Tuesday, January 23, 2007

Skiing - 01/23/07 Skiing - 01/23/07

Another beautiful, but less boring, day in paradise, skiing this afternoon at Keystone. Again, the first couple of hours were mostly spent doing nice high speed carving turns on mostly empty runs as I patrolled looking for anyone skiing faster than I, or, more importantly, injured or needing help. Not a lot of speed control needed on days like today.

We had a lot of Mountain Watch on the mountain today, though I really didn't see many of the others doing speed control either. Ran into a bunch of them on a wreck about half way donw Schoolmarm ridge. And somehow, checking my radio, I managed to lose my whistle. It took me months to find a plastic whistle with a ball inside. Before that, I had to use a metal whistle with a ball, or a plastic one w/o. The metal one was a lot better, but it has the tendency to stick to your lips on really cold days. So, a plastic one with ball inside is optimal. The problem is that outside ski patrol usage, there isn't a lot of call for them, and so they are hard to find. Usually, I have it clipped to my jacket, but was wearing a radio harness today, and clipped it there. Somehow I dislodged it as I worked my radio as I skied by the wreck.

The next run, I heard of another wreck in the smaller terrain park, and went there to help, closing the third jump on the jump line. Maybe not needed here - the two big jump lines in the bigger park do need to be closed for accidents, since they have very blind landings. Luckily, Mountain Watch dispatch is pretty close to the top of the A51 terrain park, and we are getting a lot more agressive about sending people to assist whenever we hear or or see accidents there (partially I think at my urging - last year I happened to see the patrol pick up a BLS pack at the top of the Peru lift and got a lot of kudos for calling in backup for shutting down a jump for a major back/neck/head injury - I repeatedly suggested after that that we get more agressive, and our dispathers have). This one wasn't too bad - it did require a long (back) board, but not O2, etc.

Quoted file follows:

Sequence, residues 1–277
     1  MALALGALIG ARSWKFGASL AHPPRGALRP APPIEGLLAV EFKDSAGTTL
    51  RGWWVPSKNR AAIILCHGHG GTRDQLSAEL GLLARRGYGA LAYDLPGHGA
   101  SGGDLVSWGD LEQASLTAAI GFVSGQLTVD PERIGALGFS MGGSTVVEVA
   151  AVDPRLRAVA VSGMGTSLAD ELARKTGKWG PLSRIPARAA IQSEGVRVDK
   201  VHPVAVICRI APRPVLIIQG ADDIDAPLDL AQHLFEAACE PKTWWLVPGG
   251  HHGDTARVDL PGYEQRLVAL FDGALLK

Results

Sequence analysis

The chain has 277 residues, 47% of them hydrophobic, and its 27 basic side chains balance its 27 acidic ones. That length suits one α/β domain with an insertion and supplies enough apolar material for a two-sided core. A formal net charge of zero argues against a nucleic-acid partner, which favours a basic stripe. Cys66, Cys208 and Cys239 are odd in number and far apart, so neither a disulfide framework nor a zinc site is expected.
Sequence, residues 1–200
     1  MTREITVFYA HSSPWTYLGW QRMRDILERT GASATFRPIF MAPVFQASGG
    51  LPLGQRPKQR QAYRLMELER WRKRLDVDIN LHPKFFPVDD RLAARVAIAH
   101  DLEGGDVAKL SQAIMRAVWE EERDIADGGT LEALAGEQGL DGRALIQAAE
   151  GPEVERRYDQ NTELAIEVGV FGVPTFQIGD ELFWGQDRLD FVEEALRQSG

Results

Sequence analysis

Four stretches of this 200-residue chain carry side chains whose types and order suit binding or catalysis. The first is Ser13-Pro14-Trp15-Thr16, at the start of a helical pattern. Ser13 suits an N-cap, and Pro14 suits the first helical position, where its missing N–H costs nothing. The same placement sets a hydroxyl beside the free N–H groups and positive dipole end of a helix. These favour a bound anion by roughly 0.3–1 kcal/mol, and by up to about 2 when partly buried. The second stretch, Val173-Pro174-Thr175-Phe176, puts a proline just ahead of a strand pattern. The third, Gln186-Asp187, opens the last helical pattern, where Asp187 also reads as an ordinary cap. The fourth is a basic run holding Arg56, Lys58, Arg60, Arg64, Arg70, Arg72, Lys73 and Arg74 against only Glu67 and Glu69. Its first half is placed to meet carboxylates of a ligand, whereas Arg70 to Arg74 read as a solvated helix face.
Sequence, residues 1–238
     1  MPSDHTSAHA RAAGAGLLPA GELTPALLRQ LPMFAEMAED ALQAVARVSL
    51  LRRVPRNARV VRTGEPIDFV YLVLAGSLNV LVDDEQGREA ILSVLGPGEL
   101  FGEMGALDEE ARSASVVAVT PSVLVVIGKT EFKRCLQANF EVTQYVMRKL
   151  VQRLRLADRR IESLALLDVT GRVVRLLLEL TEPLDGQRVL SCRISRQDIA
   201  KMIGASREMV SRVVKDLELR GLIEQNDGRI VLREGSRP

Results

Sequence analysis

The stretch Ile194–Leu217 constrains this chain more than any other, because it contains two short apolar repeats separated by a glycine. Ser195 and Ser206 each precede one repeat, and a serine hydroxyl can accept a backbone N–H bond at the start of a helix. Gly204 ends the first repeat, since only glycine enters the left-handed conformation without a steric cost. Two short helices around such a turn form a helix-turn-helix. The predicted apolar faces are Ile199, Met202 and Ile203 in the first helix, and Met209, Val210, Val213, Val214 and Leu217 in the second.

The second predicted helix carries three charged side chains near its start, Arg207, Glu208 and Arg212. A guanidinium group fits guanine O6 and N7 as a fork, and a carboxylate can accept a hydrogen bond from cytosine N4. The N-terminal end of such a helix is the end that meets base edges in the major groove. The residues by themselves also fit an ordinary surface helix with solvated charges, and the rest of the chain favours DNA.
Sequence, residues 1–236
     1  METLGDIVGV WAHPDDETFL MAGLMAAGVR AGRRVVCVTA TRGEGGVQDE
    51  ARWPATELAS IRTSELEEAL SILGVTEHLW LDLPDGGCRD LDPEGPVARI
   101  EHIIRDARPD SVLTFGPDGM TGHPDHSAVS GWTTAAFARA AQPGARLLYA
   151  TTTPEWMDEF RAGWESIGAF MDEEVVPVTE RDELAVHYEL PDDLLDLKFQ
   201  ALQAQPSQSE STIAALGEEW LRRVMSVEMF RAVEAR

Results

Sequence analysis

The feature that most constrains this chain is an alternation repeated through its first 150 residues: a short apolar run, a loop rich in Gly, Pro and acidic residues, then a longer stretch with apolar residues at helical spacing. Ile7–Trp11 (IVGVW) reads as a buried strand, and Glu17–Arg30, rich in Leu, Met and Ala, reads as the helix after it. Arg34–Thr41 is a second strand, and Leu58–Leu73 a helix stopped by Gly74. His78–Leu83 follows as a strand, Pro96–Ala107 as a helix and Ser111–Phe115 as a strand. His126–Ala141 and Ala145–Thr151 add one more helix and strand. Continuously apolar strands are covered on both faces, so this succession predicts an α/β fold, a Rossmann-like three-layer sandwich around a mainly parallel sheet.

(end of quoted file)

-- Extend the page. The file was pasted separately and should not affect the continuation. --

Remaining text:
Then, about 2:20, I was riding up with Guest Services, and a call came on our radios that the River Run gondola was being shut down at 3:15 (it turns out for maintainence). I was stopping at PHQ (patrol headquarters) to warm up for gang groom anyway, and went through the Summit House looking for anyone in street clothes to tell them to download early, if they didn't want to ride the Summit Express chair down.

As with Monday, we were overmanned for gang grooming, so I was posted to the top (PHQ) for any help that was ultimately needed. But today, Patrol was stretched thin, and we volunteered to help them. I was asked to sweep Frenchman for gang groom. That fired off about 3:45, so was unable to have my hot tea and warm up. I did have time though to go back upstairs and tell the food and beverage people the why for the gondola shutdown (they were all in street clothes, and so were appreciative of my warning).

I then Helped the patrol at the top of Frenchman pull the rope and set the signs, and then headed down, tailing the last people on the run. I then pulled the rope at the French Connection (the cutover from Irishman about 1/4 of the way down). Then, I ran into a complication - a woman walking down with her snowboard. Her two male companions were riding slowly down with her. Obviously, we wouldn't get down in time at that speed. I sent the guys down, and skied slowly with her for awhile. Then, about half way down, I ran into additional traffic coming in on 3rd Road from Wild Irishman. The patrol shutting that off was late. But he showed up then, and I left the woman walking down the treeline with him, and followed the rest of the guests down, clearing the run about a minute before the grooming machines showed up to head back up Frenchman. I helped the closure at the bottom of Irishman/ Paymaster, and then headed up Montezuma to help on top.